Foreclosure Inventory Rapidly Disappearing
More than a quarter of the national foreclosure inventoryrnthat existed in May 2014 had been absorbed by May of this year and completedrnforeclosures saw only slightly less improvement. CoreLogic said today that the inventory ofrnproperties in the process of foreclosure, which had totaled 676,000 homes arnyear earlier had dropped to 491,000 by May 2015, a decrease of 27.4rnpercent. Homes in foreclosure which hadrnrepresented a rate of 1.7 percent of mortgaged homes declined to 1.3 percent. The largest foreclosure inventories as arnpercent of mortgage homes were in NewrnJersey (4.9 percent), New York (3.7 percent), Florida (2.9 percent), Hawaiirn(2.5 percent) and District of Columbia (2.4 percent).</p
Therernwere 41,000 completed foreclosures in May, down from 51,000 the previous year,rna 19.2 percent decrease and 64.9 percent fewer foreclosures than at the peak ofrnactivity in September 2010. Foreclosurernactivity did increase from April 2015 to May by 2,000 units or 4.1rnpercent. Asrna basis of comparison, completed foreclosures averaged 21,000 per monthrnnationwide between 2000 and 2006. Half ofrnall completed foreclosures during the 12 months ended in May were in fivernstates: Florida (104,000), Michiganrn(46,000), Texas (33,000), California (28,000) and Ohio (27,000). </p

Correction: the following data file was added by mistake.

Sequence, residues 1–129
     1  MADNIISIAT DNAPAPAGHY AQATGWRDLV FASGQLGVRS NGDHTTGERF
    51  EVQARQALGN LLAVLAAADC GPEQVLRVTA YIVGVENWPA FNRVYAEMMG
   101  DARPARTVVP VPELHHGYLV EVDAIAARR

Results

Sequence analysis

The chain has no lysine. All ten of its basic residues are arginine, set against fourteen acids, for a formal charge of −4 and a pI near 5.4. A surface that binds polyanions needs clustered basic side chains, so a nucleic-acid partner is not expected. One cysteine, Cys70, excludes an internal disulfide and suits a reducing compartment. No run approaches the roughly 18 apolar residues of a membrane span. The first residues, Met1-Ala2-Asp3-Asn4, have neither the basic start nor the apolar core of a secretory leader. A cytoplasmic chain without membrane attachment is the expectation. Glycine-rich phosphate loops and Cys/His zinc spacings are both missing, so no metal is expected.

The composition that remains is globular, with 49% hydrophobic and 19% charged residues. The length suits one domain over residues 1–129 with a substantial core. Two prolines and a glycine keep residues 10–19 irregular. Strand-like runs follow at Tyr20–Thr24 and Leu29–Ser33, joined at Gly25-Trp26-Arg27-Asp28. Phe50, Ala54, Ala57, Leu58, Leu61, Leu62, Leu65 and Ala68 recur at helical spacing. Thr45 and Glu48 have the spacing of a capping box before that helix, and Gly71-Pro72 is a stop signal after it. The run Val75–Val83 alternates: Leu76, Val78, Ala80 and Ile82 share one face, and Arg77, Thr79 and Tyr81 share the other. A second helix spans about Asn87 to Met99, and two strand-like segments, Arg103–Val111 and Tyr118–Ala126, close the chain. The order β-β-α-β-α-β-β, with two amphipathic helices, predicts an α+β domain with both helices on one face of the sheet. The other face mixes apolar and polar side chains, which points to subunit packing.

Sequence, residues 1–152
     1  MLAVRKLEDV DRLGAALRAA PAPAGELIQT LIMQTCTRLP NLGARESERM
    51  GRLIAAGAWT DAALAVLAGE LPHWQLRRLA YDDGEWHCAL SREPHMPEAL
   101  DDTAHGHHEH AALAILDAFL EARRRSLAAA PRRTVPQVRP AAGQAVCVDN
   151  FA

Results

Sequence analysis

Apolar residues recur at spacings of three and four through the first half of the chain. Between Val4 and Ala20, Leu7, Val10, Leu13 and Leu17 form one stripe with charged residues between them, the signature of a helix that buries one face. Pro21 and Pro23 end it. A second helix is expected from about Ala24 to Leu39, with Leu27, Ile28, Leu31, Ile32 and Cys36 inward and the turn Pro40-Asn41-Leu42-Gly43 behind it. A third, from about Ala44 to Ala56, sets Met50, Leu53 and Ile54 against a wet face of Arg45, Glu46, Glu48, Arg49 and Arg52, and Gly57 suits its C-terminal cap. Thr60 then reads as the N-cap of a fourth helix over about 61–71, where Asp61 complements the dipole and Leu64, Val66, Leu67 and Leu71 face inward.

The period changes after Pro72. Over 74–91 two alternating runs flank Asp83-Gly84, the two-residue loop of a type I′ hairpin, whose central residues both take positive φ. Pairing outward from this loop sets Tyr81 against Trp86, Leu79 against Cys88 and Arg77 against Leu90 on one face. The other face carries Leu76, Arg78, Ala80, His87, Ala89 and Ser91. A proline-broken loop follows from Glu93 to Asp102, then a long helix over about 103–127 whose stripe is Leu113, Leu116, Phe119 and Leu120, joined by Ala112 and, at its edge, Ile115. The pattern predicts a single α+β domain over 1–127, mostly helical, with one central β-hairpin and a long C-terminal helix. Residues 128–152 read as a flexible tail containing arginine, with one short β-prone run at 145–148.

The serious delinquency rate (90 orrnmore days past due or in foreclosure) is now at a more than seven year low withrn1.3 million mortgages or 3.5 percent of borrowers in this category. This is an annual decline of 22.7 percent andrnthe lowest rate since January 2008. rnDelinquencies fell by 2.4 percent on a month-over-month basis.</p
“With three million jobs createdrnduring the past year, the improving labor market has helped more borrowers stayrncurrent on their mortgage loan,” said Frank Nothaft, chief economist forrnCoreLogic. “Because fewer loans are becoming seriously delinquent, thernforeclosure inventory has come down to its lowest level in more than sevenrnyears, with only 1.3 percent of loans in foreclosure proceedings.”</p
“While the nation’s seriouslyrndelinquent rate-3.5 percent-is at its lowest level since January 2008, itrnremains very high in several big markets,” said Anand Nallathambi, presidentrnand CEO of CoreLogic. “The greater New York City region and centralrnFlorida continue to have some of the highest serious delinquency rates, almostrndoubling the national level. Default rates remain elevated in the Chicago andrnBaltimore metro areas as well.”
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